1. Stir your paint before using. If you have time, turn the can of chalk paint upside down about thirty minutes before painting. This will help get rid of any build up on the bottom of the can. If your paint is too thick, you can add a little water to your paint. It is recommend to not paint straight out of the can, as the air causes the paint to dry/thicken in the can…. I always paint out of the can though. I used Annie Sloan’s Old White for this project.
  2. Using your brush, I am obsessed with my medium sized Annie Sloan Brush (the shape helps you achieve so many fun techniques), paint your first layer of paint. I do not go in all different directions. I like to paint in the same direction and create a clean finish.
  3. If your piece has drawers, it is often easier to remove the drawers and paint these separately.
  4. Allow this layer to completely dry.
  5. Go back and apply a second coat of paint and paint in the same direction as your first coat. Be sure to get into all of the grooves of your piece.

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Remove drawers while painting.

Clear Wax

  1.  Here’s where things get fun and scary! Before starting the wax though, wait 24 hours for the paint to dry. I do this to ensure the paint is completely dry, and I feel like it helps the paint be more durable when the piece is in use.
  2. Using 400 grit sand paper, very lightly buff your paint. This sort of presses the paint into the piece to create a super smooth finish. You are not distressing here, just smoothing out the paint. Wipe off dust before moving forward.
  3. Using a wax brush, apply Annie Sloan’s Clear Wax all over your piece. I personally use a flat wax brush to do this. If you buy the set I recommend (find it HERE) use the largest brush. You should notice the paint is absorbing the wax, sort of like lotion on skin. You will not want to apply too much, but make sure you are sealing the paint.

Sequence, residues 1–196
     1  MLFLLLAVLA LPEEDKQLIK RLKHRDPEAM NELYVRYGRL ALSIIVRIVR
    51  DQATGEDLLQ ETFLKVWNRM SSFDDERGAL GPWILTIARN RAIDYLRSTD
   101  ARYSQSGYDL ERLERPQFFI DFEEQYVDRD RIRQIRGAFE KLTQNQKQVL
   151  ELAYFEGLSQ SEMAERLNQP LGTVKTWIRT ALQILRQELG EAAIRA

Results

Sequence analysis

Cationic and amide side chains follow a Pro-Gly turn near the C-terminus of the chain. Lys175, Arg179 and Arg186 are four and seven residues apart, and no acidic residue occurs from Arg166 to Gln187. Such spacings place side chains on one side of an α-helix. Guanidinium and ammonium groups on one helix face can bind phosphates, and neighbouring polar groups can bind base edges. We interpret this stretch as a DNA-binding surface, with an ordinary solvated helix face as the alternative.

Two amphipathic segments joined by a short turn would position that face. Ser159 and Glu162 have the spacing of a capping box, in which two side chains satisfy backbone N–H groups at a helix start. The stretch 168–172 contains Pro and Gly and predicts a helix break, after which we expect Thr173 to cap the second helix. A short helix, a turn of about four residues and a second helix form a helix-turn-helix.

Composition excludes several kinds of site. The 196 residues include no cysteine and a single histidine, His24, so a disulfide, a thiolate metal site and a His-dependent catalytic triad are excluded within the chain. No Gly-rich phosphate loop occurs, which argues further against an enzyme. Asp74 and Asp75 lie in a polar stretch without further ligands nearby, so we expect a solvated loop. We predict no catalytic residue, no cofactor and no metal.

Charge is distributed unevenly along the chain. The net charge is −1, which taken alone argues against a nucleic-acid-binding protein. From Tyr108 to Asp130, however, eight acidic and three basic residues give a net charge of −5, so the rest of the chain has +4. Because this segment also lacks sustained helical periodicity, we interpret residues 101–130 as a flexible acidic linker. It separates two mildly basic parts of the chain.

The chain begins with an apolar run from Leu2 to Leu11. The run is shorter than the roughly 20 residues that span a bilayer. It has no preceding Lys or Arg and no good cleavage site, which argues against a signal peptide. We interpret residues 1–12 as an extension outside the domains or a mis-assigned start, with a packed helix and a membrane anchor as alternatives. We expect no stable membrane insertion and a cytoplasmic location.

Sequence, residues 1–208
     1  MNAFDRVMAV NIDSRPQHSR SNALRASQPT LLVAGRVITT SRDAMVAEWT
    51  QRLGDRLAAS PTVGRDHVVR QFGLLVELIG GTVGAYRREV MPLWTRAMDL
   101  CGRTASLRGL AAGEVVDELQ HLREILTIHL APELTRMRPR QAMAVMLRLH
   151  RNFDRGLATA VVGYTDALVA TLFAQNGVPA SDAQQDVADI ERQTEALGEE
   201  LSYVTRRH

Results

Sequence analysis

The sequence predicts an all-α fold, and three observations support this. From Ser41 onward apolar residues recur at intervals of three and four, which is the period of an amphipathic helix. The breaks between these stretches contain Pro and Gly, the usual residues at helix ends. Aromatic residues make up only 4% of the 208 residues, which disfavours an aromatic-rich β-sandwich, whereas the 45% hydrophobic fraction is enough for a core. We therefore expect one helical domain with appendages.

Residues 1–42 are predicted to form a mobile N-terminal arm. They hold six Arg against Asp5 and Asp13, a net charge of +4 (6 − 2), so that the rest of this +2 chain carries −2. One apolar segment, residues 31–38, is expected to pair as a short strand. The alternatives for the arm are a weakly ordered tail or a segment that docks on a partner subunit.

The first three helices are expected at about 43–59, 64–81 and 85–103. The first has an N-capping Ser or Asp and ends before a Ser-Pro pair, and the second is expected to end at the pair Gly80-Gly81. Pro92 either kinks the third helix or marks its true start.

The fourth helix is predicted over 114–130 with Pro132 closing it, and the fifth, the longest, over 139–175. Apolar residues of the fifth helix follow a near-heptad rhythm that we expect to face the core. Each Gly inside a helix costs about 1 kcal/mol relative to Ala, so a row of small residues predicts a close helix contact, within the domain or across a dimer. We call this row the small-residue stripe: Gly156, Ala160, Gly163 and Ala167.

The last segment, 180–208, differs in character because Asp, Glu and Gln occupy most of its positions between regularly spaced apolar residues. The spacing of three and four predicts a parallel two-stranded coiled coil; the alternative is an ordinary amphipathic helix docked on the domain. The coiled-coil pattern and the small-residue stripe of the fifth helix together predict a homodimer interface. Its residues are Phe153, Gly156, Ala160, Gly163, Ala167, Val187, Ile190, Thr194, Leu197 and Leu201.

4. Use a piece of cheesecloth to wipe off any excess wax



  1. Using 220 grit sandpaper, distress your piece. I like to distress areas that get a lot of wear and tear over the years. Edges are a great place for this. I usually start small and then gradually add more distressing.
  2. Lightly reseal the areas you distressed with wax using your brush.
  3. Take your smaller wax brush and very lightly tap it into Annie Sloan’s Dark Wax.
  4. Working in small sections, lightly sweep your brush over the areas you distressed with the dark wax. Quickly go back with a cheesecloth to blend the wax. If you added too much dark wax, dip a clean cheesecloth into the clear wax and buff away the excess dark wax. The clear wax sort of acts like an eraser.
  5. If you want to add dark wax to the larger sections (like the top of my nightstand or sides), use the same gentle sweeping motion followed by buffing and blending with the cheesecloth. I typically do stripes of the dark wax and blend. See the pictures below!

Note: this step is where you get to have a lot of fun and add vintage character to your piece! Don’t be too afraid of this step. The clear wax is your back-up and you can erase the dark wax if its too much. 


Top of the nightstand after the “stripes” or dark wax were blended in.
Dark wax has been lightly applied on the bottom of the drawer were it was distressed. Has not been blended yet.

Notice the difference in how the drawer looks after the dark wax is blended.
Close up of distressing

Close up of distressing

Dry & Let the Wax Cure

  1. Gently run your cheesecloth over your piece. It shouldn’t “drag” anywhere. If it does, that area has too much wax. Gently buff any of these areas out.
  2. The wax is technically dry in 24 hours, food safe in 3 days, but it’s not fully cured for 26 days! I try not to use my piece until the wax is fully cured.
Always have to include a picture of my best girl, Tira

And there you have it!! If you’ve been wanting to giving Annie Sloan a try, I hope this blog inspires you!



Some links may be affiliate links- at no additional cost to you, I may earn a commission. As an Amazon Associate I may earn from qualifying purchases. 




4 thoughts on “Beginner’s Guide to Using Chalk Paint® to Achieve a Distressed Vintage Finish